In a year of critical action on climate mitigation and adaptation, Pacific Island governments have reinforced their commitment to energy transition action and strengthened sustainable energy goals within updated nationally determined contributions (NDCs) ahead of COP26 in Glasgow, UK in November.
At a meeting of high-level policy and intergovernmental representatives, jointly hosted by the International Renewable Energy Agency (IRENA), the Regional Pacific NDC Hub and the UK COP26 Presidency, ministers and government representatives reiterated the need for transformative pledges that significantly reorient the world’s energy transition pathway. Pacific nations aim to be at the forefront of global efforts.
During the discussion, Charles Obichang, minister of infrastructure, Palau, reaffirmed his country’s commitment to a sustainable energy future: “Palau is developing a new roadmap that will ultimately result in a 100% fossil fuel free energy system. The pursuit of energy security through renewable energy makes environmental, social and economic sense for us, helping to fight climate change while creating opportunities for new industries and new jobs. Renewables are an opportunity for us to thrive in a new era of fossil fuel free energy production.”
According to IRENA, at present 13 of the 14 Pacific Small Island Developing States (SIDS) have quantified renewable energy targets in their NDCs, submitted under the first round of Paris Agreement climate pledges, equating to nearly 2GW of renewables capacity.
All Pacific SIDS are engaged in a process of NDC enhancement ahead of COP26 under the coordination of the Regional NDC Pacific Hub and with support of various development partners. Fiji, Marshall Islands, Papua New Guinea and Tonga have already submitted enhanced contributions.
Angeline Heine, director of energy, Republic of the Marshall Islands, noted that in order to meet multiple national objectives, her country’s strategy is organised around three pillars: “As a front liner on climate change the Republic of the Marshall Islands is fully committed to meeting its NDC objective of 100% renewable energy by 2050.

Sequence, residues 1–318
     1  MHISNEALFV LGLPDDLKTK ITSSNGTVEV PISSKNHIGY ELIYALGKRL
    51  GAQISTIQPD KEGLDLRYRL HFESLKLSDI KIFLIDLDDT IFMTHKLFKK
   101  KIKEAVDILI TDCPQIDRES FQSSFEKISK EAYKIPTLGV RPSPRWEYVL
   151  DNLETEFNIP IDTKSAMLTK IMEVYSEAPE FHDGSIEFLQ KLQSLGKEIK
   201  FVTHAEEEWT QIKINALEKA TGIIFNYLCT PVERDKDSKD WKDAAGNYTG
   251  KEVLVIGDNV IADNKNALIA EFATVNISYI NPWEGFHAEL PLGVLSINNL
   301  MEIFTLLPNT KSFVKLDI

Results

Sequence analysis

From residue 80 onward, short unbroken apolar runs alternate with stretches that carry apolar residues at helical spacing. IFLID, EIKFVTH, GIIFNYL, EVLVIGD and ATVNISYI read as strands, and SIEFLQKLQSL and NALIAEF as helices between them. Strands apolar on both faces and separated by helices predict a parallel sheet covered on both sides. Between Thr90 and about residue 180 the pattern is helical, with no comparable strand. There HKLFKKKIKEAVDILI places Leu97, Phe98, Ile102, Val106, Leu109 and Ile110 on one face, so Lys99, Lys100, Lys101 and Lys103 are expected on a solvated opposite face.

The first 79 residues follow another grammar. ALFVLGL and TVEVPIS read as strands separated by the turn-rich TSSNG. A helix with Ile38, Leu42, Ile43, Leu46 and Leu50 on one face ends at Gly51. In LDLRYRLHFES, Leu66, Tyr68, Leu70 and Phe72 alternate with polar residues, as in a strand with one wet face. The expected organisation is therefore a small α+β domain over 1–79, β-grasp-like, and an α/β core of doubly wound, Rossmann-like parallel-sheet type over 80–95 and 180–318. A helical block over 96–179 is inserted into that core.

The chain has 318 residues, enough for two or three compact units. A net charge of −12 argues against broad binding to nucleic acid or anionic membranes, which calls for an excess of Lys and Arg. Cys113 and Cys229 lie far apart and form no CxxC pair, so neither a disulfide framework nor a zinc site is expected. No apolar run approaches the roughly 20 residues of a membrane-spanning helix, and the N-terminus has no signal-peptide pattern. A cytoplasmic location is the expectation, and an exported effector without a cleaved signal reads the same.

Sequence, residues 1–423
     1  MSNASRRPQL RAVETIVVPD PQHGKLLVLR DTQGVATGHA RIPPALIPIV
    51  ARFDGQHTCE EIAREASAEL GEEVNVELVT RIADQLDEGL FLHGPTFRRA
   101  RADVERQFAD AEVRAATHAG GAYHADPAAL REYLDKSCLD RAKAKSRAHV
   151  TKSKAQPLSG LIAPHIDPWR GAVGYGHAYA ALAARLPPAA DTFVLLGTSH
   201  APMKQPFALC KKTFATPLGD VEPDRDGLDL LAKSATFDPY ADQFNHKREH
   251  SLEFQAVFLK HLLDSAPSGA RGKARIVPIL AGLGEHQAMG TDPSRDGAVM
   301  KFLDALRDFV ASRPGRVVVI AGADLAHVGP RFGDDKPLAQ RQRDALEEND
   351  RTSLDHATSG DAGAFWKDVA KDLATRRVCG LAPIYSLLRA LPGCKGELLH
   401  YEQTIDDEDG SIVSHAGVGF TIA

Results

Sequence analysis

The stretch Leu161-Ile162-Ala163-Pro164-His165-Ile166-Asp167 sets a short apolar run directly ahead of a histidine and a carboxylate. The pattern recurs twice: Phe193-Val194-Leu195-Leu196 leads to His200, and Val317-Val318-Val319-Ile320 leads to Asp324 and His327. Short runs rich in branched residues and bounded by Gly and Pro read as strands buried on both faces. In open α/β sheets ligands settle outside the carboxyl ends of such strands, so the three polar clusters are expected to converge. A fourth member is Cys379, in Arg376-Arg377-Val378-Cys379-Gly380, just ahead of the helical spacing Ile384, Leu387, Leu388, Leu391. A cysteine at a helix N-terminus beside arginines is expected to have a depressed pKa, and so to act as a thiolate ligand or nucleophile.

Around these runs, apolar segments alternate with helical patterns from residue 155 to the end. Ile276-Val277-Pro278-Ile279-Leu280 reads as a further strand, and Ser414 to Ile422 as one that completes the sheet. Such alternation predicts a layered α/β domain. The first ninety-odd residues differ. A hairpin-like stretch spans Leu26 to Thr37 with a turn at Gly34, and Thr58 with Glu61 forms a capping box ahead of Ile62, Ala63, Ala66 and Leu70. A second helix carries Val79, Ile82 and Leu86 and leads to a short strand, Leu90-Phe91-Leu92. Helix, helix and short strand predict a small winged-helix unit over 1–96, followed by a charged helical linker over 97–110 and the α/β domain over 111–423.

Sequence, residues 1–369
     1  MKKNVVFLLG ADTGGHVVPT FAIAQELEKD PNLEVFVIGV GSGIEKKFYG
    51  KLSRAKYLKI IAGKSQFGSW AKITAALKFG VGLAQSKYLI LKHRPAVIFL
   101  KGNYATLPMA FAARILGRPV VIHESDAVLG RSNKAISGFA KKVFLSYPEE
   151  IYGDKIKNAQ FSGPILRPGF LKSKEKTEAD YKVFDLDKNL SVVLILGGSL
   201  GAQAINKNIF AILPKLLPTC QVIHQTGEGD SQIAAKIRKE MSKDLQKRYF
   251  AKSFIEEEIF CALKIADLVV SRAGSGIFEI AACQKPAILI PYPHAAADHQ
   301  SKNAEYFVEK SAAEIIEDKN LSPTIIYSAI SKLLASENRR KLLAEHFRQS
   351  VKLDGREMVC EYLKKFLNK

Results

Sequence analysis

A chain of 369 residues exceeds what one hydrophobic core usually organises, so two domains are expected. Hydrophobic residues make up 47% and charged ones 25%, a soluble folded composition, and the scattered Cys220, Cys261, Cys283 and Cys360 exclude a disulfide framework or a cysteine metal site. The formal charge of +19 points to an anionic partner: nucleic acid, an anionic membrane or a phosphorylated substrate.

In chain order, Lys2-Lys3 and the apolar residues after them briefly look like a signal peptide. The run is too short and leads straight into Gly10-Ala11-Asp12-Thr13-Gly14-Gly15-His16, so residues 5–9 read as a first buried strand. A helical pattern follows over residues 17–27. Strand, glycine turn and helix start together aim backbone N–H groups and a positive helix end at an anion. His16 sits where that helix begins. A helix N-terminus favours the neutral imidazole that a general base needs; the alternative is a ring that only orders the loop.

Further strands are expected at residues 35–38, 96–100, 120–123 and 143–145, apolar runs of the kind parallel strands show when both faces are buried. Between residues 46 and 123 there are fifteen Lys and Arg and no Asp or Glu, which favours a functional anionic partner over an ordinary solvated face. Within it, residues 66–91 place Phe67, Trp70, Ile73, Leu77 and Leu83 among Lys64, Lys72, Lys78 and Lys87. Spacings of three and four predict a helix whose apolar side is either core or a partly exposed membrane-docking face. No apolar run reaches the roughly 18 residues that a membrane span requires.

“Our goal is ambitious, but our electricity roadmap has identified three key priorities, which address the technology, human resources and investment components of the plan. We believe this ensures our transition is owned and advanced by the Marshall Islands people.”
Countries are given the opportunity to submit enhanced NDCs by COP26 by revising and enhancing mitigation and adaptation targets, finance goals and developing concrete action plans for the implementation, formulation and communication of long-term emission reduction strategies in 2020.
The role of Pacific Islands in decarbonisation
Representing the UK government, Ken O’Flaherty, COP26 Ambassador for Asia and the Pacific, spoke of the opportunity for Pacific leadership both during, and in the lead up to, the climate meeting later this year: “The consequences of a warming planet will be catastrophic, particularly for citizens of the Pacific.
“COP26 can be the moment when the world comes together to ramp up momentum towards a climate resilient, zero-carbon economy and Pacific leadership can deliver the changes we need to see in the world. Many Pacific states have already committed to net-zero targets in their revised NDCs, which serve as inspiration for other countries to raise ambition.”
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Francesco La Camera, IRENA director general, highlighted the global role Pacific Islands play in decarbonisation: “Pacific SIDS have become remarkable hubs of innovation on climate strategies and a source of inspiration for the rest of the world. Even as they are severely impacted by deadly natural disasters, they continue to lead on climate action with steadfast resolve. While many Pacific nations set ambitious targets in their first NDCs, there is no doubt regional leadership shown in enhanced NDCs can inspire global efforts to drive meaningful action this year.”
Christian Gorg, Regional Pacific NDC Hub project manager, said as the focus moves from ambition to implementation of the Paris Agreement goals, countries will need well-structured programmes to drive renewables development: “Energy is a common mitigation strategy among regional countries, and while their carbon emissions are insignificant their commitments are bold. The energy transformation can only be realised if countries understand their policy context, recognise any potential legislative barriers to development and are aware of the financing options available.”
A total of $5.2 billion of investment is needed by 2030 to implement what is currently targeted under the region’s NDCs, according to IRENA data based on the first round of NDCs. IRENA is working closely with several countries across the Pacific to enhance the renewable energy component of new NDCs for submission ahead of COP26.